Bosnia and Herzegovina may not be known as a center of the design world, but there’s a dynamic company there bridging the gap between traditional craft and contemporary design. Earlier this year, we traveled to Konjic—a small village not far from Sarajevo—following an invitation from Zanat, a woodcarving company founded in 2015 by Adem and Orhan Niksic. But the family’s experience with woodcarving goes much further back.
The Niksic’s first woodcarving business was established in 1919 in Konjic where, over the following decades, over 30 others popped up. “But today we are the only one left,” Adem tells us, as we enter their factory’s warehouse, which is filled with stacks of raw local wood. The mountains of Bosnia and Herzegovina are covered with forests of maple, walnut, ash and oak, which Zanat sources sustainably for their wares. Some of the huge tree trunks feature strange imperfections, which Orhan tells us are from grenades—scars from the Yugoslav War. “We still find them, even if the war ended 15 years ago,” he says. Despite the conflict, Orhan was able to attend college in the US. After, he moved to the Middle East, but eventually his family’s century-old tradition called to him.
Orhan and his brother teamed up with their longtime friend Mark Bartolini to reimagine the craft. The brand’s respect for and adoration of wood is evident throughout their facility—it’s never hidden away, but scattered around and begging to be touched. In the carpentry space, rough pieces of wood are cut, assembled, glued and pressed and then cut again and milled into chairs, stools, tables, cabinets or smaller objects like trays and bowls.
The semi-finished products are then sent over to the woodcarving workshop. Here, artisans handle fascinating tools with speed and precision. Craftspeople of varying ages and all genders complete pieces that balance perfection with imperfection and craft with nature.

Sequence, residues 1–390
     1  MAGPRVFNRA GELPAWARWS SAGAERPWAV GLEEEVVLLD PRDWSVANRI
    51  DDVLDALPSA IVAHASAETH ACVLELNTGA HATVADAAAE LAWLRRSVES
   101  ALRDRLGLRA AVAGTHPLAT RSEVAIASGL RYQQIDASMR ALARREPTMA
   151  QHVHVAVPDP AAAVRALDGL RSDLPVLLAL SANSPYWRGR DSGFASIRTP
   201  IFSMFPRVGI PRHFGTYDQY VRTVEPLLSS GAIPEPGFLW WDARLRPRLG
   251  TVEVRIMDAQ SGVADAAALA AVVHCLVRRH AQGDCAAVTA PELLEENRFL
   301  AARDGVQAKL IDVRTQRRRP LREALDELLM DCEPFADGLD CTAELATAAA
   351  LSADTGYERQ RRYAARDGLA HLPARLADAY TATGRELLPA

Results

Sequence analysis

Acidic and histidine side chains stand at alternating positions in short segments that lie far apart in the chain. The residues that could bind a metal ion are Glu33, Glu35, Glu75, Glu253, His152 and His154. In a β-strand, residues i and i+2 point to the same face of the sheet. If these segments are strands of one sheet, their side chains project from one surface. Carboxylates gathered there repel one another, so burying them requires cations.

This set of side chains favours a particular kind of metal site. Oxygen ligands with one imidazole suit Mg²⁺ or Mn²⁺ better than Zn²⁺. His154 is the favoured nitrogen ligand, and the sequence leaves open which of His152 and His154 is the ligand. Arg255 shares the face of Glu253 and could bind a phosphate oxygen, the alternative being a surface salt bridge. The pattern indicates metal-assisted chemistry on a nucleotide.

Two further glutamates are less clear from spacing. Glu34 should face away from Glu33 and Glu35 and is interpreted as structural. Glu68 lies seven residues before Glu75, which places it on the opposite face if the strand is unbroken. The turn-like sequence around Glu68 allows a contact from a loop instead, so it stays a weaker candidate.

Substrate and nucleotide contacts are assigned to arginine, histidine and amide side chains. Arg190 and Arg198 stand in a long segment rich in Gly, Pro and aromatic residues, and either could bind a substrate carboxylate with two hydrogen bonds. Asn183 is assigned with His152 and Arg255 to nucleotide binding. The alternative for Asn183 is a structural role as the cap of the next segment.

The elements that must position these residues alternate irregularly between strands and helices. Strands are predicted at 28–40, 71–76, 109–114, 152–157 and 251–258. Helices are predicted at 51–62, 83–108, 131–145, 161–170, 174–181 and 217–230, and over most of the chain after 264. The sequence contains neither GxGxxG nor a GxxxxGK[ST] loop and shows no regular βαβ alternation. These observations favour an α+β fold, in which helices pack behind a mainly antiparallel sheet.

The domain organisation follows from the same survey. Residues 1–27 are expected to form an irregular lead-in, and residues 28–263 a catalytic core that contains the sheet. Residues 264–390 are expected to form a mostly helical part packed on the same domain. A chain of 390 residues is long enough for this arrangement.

The company’s creative director, Swedish designer Monica Förster, has been there since the beginning, when they had only 16 staff members (there are now 60 employees). Orhan says, Förster was “surprised how quickly we grew, but here in Bosnia almost every piece of furniture is customized. You are always changing things and you learn how to make things quickly. That’s why our entire company looks like a prototype department.”
In fact, every piece Zanat creates is made-to-order, and they develop several custom projects of various scales. Their catalogue comprises around 70 designs, but the number of options regarding wood types, finishes and carving patterns results in 900+ possible combinations.
Carvings are not a decoration on a finished design, they are the essence
Further, the company has collaborated with Studioilse, Jean-Marie Massaud, Ludovica+Roberto Palomba, Sebastian Herkner and many others. Orhan explains that these partnerships occur fairly organically. “They see the potential and they like our technique,” he says. “There are different ways designers see the carvings—some of them hate decoration, some love texture and pattern, some are more on the minimalistic side. But when we send briefs, we always include a sentence asking to ensure that carvings are not a decoration on a finished design, they are the essence.”
Working with contemporary designers keeps the team forward-thinking, but tradition is just as crucial—Zanat, after all, means “craft.” Beyond family history, Zanat is keeping a piece of local culture alive. In 2017, Konjic’s woodcarving was officially placed on the UNESCO Intangible Cultural Heritage of Humanity list, elevating and protecting it for generations in Bosnia and Herzegovina and all over the world.
Images by Paolo Ferrarini